• Pattern:  Fairfield (Discontinued)
  • Made in USA by Anchor Hocking
  • Vintage: 1972 – 1977
  • Details:  This is a beautiful set of 6 heavy amber glasses.  They have a short foot/stem, traditionally called “Low Sherbet”, so  it’s appropriate to use for sherbet and ice cream but make wonderful dessert cups for vanilla pudding, rice pudding or other creamy desserts as well as fruit cups.  The pattern has the well recognized lines of the Fairfield pattern and forms a flower at the cup base as well as on the foot base.  Anchor Hocking manufactured this pattern from 1972 to 1977.  The glass looks very retro, mid-century modern, but it can also be added to a more traditional setting, even a country or farmhouse setting would be great for these pretty glasses.  Would look great outside at a barbecue or picnic setting as the amber glass reflects light very nicely.  Wonderful on a Fall table setting.  We have several other glasses and a Pitcher in the Fairfield pattern, please feel free to browse site for “Fairfield”.
  • Material:  Pressed Glass
  • Dimensions:  Each glass:  3 1/4 inches tall.  It has a 3 1/2 inch diameter opening.  Holds 5 ounces at the rim and 4 ounces to the fill line.
  • Condition:  Vintage – Used.  Excellent Condition.  There are no scratches, no chips, or any other defects on this item except those consistent with normal wear/use/age.  PLEASE REVIEW ALL PICTURES BEFORE PURCHASING.  ALL SALES FINAL. Please remember these are VINTAGE and ANTIQUE items, they are NOT new.  Every effort has been made to show any scratches, wear and tear and imperfections.   
  • Shipping is included, (continental US only), unless otherwise noted.  AK, HI and International shoppers will see additional shipping fees based on your location. 

Anchor Hocking has a very long and complicated history going back to 1905.  Here is a very brief synopsis of this long lived American manufacturer.  The company was started by Isaac J. Collins and six friends who raised $8,000 to buy the Lancaster Carbon Company in Lancaster, Ohio.  The company, named for the Hocking River that is near where the plant was located, made and sold approximately $20,000 worth of glassware in the first year.  In 1924 a tremendous fire reduced the company to ashes but Mr. Collins and his associates raised funding to build another plant (Plant 1).  The new plant was specifically designed for the production of glassware. Later in that same year, the company also purchased controlling interest in the Lancaster Glass Company (later called Plant 2) and the Standard Glass Manufacturing Company with plants in Bremen and Canal Winchester, Ohio.   In 1929 the stock market crashed and so did the country’s economy, however, this company survived by developing a 15-mold machine that could produce 90 pieces of blown glass per minute. This allowed the company to sell tumblers “two for a nickel” and survive the great depression while others went out of business.  Hocking Glass Company entered the glass container business in 1931 with the purchase of 50% of the General Glass Company, which in turn acquired Turner Glass Company of Winchester, Indiana. Anchor Hocking Glass Corporation came into existence on December 31, 1937 when the Anchor Cap and Closure Corporation and its subsidiaries merged with the Hocking Glass Company.  The word “Glass” was dropped from the company’s name in 1969 because the company had evolved into an international company with an infinite product list. They entered the plastic market in 1968 with the acquisition of Plastics Incorporated in St. Paul, Minnesota.  The Newell Corporation acquired the Anchor Hocking Corporation on 2 July 1987.   In 2012 Anchor Hocking merged with Oneida and created EveryWare Global.  EveryWare Global filed for bankruptcy in 2015.  EveryWare Global was renamed The Oneida Group in 2017 and it’s the current owner of Anchor Hocking brand.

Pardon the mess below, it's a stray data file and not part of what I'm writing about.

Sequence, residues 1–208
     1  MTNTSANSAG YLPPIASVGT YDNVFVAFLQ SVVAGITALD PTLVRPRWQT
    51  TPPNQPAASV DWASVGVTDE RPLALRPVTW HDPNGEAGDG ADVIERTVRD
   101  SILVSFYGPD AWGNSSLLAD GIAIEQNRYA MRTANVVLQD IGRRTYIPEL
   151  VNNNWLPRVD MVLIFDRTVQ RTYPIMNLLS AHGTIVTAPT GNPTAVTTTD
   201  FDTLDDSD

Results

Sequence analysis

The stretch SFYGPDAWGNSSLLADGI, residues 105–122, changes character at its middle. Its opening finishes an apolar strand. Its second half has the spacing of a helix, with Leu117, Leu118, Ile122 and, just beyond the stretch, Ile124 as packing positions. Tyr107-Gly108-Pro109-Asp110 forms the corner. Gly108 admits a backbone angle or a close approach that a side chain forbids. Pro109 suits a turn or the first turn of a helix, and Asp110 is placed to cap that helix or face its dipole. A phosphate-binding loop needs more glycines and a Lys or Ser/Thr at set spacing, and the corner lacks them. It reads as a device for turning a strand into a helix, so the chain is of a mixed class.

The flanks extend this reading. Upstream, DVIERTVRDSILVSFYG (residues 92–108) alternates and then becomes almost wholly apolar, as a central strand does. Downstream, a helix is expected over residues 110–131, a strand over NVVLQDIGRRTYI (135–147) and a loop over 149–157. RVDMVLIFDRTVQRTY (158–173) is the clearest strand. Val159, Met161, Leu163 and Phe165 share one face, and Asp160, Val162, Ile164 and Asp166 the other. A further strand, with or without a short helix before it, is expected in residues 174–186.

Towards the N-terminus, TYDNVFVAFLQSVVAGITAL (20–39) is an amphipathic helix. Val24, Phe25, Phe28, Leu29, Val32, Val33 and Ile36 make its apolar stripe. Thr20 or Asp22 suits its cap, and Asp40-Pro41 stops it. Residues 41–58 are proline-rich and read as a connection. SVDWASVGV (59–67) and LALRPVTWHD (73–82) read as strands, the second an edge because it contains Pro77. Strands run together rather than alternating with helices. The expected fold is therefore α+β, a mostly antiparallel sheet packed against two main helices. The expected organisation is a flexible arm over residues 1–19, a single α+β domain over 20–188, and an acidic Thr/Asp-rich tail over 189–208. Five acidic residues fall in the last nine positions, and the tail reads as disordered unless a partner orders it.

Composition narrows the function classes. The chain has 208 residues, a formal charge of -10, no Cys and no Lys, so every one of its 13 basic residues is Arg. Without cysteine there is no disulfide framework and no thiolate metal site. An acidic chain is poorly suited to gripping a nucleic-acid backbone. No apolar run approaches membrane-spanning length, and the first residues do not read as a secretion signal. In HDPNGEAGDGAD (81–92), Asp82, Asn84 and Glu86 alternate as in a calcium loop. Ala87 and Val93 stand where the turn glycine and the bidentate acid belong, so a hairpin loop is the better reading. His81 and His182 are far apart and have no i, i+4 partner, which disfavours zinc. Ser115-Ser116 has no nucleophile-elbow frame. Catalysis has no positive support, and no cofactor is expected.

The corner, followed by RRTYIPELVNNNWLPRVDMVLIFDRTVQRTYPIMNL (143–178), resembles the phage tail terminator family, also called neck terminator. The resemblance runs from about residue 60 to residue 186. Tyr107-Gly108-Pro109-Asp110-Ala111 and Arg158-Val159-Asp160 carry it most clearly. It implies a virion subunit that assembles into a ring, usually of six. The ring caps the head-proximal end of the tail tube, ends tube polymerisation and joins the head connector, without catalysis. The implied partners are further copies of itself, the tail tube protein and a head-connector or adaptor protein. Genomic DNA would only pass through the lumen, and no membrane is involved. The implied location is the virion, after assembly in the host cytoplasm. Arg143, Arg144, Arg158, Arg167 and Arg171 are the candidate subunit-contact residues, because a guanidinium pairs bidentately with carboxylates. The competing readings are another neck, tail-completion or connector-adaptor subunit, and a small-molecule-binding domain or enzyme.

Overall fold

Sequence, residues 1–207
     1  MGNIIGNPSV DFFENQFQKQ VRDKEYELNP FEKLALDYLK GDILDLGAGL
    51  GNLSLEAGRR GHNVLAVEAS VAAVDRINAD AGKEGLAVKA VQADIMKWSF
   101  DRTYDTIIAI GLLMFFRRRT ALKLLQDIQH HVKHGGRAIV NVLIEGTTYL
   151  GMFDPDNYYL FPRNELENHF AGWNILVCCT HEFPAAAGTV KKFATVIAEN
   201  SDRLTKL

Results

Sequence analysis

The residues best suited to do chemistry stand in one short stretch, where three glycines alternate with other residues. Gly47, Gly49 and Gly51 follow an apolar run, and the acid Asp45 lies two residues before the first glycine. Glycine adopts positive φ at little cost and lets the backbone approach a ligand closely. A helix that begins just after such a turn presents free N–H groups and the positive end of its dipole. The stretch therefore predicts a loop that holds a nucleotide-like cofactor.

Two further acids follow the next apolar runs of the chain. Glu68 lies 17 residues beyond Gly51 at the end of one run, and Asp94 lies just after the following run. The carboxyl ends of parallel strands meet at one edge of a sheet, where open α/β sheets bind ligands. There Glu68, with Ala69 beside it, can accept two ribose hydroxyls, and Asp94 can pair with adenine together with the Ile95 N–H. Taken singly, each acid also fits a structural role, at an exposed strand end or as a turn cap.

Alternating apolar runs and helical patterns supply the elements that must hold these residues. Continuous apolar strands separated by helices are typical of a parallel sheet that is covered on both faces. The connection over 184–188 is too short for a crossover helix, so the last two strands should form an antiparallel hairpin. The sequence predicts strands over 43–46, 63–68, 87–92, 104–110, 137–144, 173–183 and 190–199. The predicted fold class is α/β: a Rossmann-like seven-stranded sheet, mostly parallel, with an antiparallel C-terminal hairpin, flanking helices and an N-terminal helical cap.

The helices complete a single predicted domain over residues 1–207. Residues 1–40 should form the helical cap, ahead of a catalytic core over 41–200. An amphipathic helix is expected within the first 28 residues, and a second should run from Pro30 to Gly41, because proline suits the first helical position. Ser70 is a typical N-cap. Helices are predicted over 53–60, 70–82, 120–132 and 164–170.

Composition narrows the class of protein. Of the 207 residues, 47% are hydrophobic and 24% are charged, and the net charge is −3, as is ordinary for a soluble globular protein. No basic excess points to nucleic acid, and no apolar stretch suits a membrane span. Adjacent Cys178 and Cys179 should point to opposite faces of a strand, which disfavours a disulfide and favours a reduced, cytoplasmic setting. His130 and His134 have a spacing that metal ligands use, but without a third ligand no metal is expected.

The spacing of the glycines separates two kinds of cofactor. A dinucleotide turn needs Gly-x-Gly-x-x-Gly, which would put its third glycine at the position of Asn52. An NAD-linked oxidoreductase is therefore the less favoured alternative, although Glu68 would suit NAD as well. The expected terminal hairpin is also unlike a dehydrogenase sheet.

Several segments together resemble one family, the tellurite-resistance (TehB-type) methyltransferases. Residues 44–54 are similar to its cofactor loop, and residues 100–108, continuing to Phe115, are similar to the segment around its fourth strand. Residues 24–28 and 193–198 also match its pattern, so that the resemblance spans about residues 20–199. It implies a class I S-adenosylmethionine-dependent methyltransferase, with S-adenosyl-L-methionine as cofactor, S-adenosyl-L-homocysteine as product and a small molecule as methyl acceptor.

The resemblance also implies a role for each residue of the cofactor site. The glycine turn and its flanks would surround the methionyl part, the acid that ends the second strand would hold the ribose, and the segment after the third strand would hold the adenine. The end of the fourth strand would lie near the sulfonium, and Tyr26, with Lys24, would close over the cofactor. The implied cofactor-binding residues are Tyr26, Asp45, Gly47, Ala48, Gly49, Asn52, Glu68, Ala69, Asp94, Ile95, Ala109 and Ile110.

Additional information

Weight6.4 lbs
Dimensions16 × 12 × 6 in


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